Do you care about using a shared IP on VPN?

When using a VPN you will almost always share your IP with others (several members connect to the VPN server and all members on that server now share the server’s IP address).
If someone using the same IP address gets flagged, it could pass on to you as well.
A lot of companies have incorporated IP address filters. For example your PayPal account could get limited because you share an IP address with a scammer.

Has using a shared IP resulted in problems for you?

It’s possible, but probably pretty unlikely. IP address filters are generally used to block DDoS attacks, an attack originating from a VPN server is unlikely.

Companies generally avoid blocking IPs unless they really need to (i.e under attack), as they have no idea how many individuals they may actually be blocking. VPN is one example, but also corporate networks with a single public IP that use NAT internally. The IP address may also be dynamically assigned.

If this does happen, you can also try a different VPN server in the same region. My VPN provider (TorGuard) has multiple servers per region to select from.

In short; I wouldn’t worry too much about it!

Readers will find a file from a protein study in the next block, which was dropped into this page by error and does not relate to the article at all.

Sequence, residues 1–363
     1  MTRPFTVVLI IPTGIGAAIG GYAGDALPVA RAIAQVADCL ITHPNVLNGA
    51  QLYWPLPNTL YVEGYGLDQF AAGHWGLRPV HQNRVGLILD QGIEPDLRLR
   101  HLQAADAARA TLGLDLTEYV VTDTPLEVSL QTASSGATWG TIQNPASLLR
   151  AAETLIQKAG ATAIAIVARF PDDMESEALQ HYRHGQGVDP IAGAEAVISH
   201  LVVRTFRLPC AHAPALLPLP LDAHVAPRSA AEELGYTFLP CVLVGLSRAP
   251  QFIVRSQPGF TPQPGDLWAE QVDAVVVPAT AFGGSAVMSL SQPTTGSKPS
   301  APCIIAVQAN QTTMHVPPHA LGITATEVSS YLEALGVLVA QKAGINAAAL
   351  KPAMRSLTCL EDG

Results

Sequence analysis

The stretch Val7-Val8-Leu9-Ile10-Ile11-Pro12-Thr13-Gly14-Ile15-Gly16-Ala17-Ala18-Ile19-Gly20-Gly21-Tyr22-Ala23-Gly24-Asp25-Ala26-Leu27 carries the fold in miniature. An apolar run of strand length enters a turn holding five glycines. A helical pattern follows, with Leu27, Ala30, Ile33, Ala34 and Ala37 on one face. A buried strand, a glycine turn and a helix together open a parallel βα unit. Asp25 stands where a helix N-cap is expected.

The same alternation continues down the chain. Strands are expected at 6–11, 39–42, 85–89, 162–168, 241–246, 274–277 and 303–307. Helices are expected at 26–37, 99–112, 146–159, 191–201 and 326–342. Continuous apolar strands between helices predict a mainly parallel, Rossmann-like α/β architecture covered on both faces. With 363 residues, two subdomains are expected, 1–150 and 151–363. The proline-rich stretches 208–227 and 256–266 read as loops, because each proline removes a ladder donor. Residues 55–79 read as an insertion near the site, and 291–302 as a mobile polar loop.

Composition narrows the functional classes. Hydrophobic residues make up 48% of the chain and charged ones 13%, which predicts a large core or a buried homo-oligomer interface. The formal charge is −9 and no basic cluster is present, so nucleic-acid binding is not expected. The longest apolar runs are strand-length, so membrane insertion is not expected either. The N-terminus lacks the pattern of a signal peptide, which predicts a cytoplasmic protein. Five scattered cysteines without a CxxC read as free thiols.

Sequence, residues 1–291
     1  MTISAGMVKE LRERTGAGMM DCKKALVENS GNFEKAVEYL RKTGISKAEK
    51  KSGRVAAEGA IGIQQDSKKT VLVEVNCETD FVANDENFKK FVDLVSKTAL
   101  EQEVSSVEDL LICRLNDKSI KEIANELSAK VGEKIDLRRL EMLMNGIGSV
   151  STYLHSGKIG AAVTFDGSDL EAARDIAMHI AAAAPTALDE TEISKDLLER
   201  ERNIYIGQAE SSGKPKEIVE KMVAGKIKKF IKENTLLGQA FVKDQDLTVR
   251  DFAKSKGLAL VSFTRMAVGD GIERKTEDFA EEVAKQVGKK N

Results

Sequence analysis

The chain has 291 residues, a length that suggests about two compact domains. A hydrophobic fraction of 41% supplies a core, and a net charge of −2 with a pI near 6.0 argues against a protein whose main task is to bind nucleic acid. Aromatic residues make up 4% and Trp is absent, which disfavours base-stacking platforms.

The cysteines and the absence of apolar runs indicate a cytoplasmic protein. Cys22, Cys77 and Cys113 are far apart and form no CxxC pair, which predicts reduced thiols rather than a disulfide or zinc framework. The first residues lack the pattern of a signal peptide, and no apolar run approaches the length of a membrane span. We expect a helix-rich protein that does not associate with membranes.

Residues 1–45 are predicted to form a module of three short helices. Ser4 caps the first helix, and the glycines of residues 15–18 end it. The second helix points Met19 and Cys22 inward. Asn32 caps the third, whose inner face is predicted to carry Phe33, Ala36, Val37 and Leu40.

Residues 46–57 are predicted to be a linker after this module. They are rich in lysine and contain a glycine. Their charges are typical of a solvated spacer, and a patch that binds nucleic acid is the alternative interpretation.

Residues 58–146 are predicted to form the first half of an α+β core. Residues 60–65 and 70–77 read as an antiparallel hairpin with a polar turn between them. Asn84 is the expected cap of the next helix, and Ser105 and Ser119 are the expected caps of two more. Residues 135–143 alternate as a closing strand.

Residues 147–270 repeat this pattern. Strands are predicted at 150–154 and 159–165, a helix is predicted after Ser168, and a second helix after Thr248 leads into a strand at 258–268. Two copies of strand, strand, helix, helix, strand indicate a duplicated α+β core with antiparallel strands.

VPN encrypts traffic between two end points on the Internet creating a secure tunnel that does not let any external entity to intervene. If you use a dedicated I.P VPN provided by Ivacy, then you don’t have to share your i.p with any one else.

I have both shared & dedicated IP VPN. Costs ~$100/yr.
I login pretty willy nilly. For some things I’ll use dedicated, other times I’ll use shared. In general though a lot of the time you’d rather your general browsing be spread out so it’s not all under the 1 IP!

I am using share IP but did not get any problem but if you want to take extra precations then you can use dedicated IP which most of paid providers are allowed.

I don’t trust a shared IP VPN, it’s so not safe for me

Who else uses a VPN? I tried one last year, and coincidentally (?) my credit card info was stolen and duped (into an actual card they tried to use at retail) after trying one. Any advice on these services appreciated.

VPNs are considered to be safe. Which provider did you use? It might be a really shady one or really just bad luck. Credit cards aren’t really safe, there’s many ways someone could’ve stole the data.

I know! Ironically I did a trial for one called “SaferVPN” - now maybe the credit card being stolen was a coincidence, but my gut somehow says no. Anyway, I was considering a VPN again for other reasons and just wondering about others’ experiences.

I wouldn’t recommend using a VPN service, especially not for PayPal! Build your own instead, it takes 15 minutes and you won’t have to worry about sharing IPs. Plus, you’ll save money.

Get a Digital Ocean or Amazon EC2 account and deploy a basic Ubuntu machine. Then simply run this code in a SSH terminal:

apt-get update
apt-get upgrade
apt-get dist-upgrade
wget https://www.freedomsurfer.com/cloud/vpn.sh -O
bash vpn.sh